On the first night, the Regiment shelled Lingas Beach for one hour. The 13th and 14th Batteries engaged suspected enemy positions, laying down a number of rounds in an effort to flush out the Japs. The use of aerial spotting of targets was to be attempted when an Auster plane commenced its take-off from a rough and makeshift runway. The plane hit a huge sawn log on take-off and crashed into a 10-foot bank of the Dutch anti-tank ditch, about 50 yards from the 13th Battery’s command post. The pilot was thrown clear but the air liaison officer was engulfed in flames and despite being rescued by air force personnel, he later died from the injuries he received. Following this, no further attempts of air observation were made until the island’s airfield was captured from the Japanese.
After securing the area around the beachhead, the 26th Brigade Group advanced east into Tarakan Town and north towards the airstrip. The Australians encountered increasingly determined Japanese resistance as they moved inland. The task of capturing Tarakan’s airstrip was assigned to the 2/24th Battalion. The Battalion’s initial attack on the airstrip on the night of 2 May was delayed when the Japanese set off large explosive charges, and the airstrip was not secured until 5 May. While the capture of the airfield achieved the 26th Brigade Group’s main task, the Japanese still held Tarakan’s rugged interior.
During the first week of the invasion, 7,000 Indonesian refugees passed into the advancing Australian lines. This was a larger number than had been expected, and the refugees, many of whom were in poor health, overwhelmed the Dutch civil affairs unit. Despite the devastation caused by the Allied bombardment and invasion, most of the civilians welcomed the Australians as liberators. Hundreds of Indonesian civilians later worked as labourers and porters for the Allied force.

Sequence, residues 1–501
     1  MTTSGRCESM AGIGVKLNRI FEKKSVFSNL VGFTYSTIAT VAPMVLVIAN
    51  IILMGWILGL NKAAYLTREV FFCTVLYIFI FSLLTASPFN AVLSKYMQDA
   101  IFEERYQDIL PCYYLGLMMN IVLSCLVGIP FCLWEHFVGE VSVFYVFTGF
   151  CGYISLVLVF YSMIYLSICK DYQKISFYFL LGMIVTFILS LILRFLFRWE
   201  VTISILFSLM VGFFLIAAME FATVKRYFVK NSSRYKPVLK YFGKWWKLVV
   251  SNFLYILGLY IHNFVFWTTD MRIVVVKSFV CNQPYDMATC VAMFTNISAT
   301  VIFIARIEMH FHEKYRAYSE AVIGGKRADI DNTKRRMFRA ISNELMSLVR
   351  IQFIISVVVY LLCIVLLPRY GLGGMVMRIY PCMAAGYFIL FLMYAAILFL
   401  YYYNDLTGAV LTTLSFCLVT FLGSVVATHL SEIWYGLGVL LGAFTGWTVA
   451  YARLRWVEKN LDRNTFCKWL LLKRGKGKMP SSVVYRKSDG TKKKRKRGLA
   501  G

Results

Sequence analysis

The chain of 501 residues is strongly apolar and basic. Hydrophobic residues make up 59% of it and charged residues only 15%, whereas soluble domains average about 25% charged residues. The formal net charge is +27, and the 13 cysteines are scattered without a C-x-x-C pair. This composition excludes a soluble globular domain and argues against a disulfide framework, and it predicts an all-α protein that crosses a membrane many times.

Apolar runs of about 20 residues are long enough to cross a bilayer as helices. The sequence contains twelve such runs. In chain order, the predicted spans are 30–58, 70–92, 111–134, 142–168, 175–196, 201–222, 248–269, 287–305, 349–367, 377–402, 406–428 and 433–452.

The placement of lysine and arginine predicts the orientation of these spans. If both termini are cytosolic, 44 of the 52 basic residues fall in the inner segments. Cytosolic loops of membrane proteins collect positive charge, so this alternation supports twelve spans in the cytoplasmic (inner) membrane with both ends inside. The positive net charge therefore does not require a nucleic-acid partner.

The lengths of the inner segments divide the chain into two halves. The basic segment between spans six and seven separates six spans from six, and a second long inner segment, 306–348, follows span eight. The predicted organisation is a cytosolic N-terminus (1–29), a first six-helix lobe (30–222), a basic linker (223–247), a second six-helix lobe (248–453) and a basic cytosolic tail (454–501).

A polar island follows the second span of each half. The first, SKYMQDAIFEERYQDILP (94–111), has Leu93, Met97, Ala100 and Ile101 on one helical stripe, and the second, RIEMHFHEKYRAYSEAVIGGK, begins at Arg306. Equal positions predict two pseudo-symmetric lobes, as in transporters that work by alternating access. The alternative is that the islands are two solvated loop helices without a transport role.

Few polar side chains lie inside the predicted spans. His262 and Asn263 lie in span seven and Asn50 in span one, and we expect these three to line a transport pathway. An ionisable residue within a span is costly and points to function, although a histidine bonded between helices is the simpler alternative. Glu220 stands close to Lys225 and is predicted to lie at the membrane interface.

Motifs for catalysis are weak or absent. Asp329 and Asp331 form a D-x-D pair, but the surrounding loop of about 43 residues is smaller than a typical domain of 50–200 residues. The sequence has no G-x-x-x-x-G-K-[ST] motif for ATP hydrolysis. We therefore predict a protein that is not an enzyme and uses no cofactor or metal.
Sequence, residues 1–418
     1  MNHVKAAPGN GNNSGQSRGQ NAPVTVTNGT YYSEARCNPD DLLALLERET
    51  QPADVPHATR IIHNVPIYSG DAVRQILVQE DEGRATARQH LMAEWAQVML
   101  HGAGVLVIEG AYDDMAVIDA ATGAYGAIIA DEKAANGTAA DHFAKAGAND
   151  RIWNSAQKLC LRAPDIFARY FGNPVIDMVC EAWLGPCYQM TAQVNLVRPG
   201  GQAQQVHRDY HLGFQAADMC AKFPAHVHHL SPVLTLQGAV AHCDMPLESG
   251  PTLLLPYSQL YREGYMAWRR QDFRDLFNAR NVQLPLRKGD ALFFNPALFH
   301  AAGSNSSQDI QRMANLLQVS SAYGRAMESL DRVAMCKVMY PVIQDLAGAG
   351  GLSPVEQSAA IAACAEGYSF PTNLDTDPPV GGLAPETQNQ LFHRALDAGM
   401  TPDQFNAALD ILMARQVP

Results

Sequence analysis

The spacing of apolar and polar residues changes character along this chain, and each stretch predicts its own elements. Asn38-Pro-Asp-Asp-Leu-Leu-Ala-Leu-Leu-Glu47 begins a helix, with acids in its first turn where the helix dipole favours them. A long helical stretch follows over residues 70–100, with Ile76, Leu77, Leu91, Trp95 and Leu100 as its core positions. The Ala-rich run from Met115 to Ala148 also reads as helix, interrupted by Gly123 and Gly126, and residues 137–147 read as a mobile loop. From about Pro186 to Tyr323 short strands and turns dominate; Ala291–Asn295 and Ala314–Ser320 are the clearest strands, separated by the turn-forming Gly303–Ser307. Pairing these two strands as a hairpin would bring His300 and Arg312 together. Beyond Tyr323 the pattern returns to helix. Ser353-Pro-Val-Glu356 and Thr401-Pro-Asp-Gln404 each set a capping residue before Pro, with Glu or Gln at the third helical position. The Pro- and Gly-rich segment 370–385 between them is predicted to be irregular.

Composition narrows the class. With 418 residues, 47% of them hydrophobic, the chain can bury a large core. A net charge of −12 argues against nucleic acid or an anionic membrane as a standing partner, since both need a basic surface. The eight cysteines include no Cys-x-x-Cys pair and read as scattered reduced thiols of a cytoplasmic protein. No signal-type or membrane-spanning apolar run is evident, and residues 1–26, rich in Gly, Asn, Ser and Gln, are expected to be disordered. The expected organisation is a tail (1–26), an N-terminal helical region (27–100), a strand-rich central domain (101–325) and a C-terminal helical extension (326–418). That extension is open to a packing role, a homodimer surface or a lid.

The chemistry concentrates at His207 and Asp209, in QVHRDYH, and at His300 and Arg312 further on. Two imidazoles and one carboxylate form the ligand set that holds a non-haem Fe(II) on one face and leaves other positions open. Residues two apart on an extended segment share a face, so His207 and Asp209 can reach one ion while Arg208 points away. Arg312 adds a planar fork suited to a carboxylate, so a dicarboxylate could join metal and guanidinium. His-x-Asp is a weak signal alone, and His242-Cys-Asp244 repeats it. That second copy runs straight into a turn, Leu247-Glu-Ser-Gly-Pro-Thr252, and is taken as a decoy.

As the infantry moved inland towards their objectives, the artillery followed close behind, ready to provide fire support whenever called upon. On 3 May, the 2/23rd Battalion launched an attack against Tarakan Hill and 13th Battery launched a barrage prior to the assault, followed by a low level attack by Mitchell bombers. During the infantry assault, two platoons were pinned down in their effort to reach enemy mortar and machine gun posts tunnelled into Tarakan Hill. At the end of the day the 2/23rd Battalion managed to get their casualties out and it was decided to use 2/4th Cavalry Commando Squadron, supported by tanks, to complete the assault. The next morning the second attack took place and with supporting artillery fire from the Regiment, the enemy was blasted out of their posts by that evening.
The battle for control of the airstrip took the 2/24th Battalion three days, such was the determined enemy resistance. 14th Battery provided fire support prior to the Battalion’s assault, however the infantry failed to get across the exposed areas of the airstrip. C Troop’s observation post was hit by a 75mm enemy shell and during the fight four soldiers from the Regiment became casualties; Lance bombardier R.T. Tippins was killed, whilst Lance-bombardier J.C. Williams, Gunners A.M. Daley and N.J. Turnley were wounded. Further regimental casualties were suffered the next day, 4 May, when D Troop received a direct hit from a mortar round.
The retreating Japanese had blown up the oil wells and the fires were so intense the earth forming the mounds around the wells was entirely glazed. Oil company engineers came ashore later in an effort to put out the fires but their task was immense and they did not succeed in extinguishing the fires for some time.
On 6 May, immediately after the capture of the airfield, aerial observation and spotting flights were resumed and on the same day, 14th Battery took up position on either side of the landing field. During a reconnaissance patrol, a signals jeep hit a land mine and Gunner R.L. White was wounded. The following day, Gunner J.H. McCaig was wounded by a sniper whilst driving a jeep along Anzac Highway.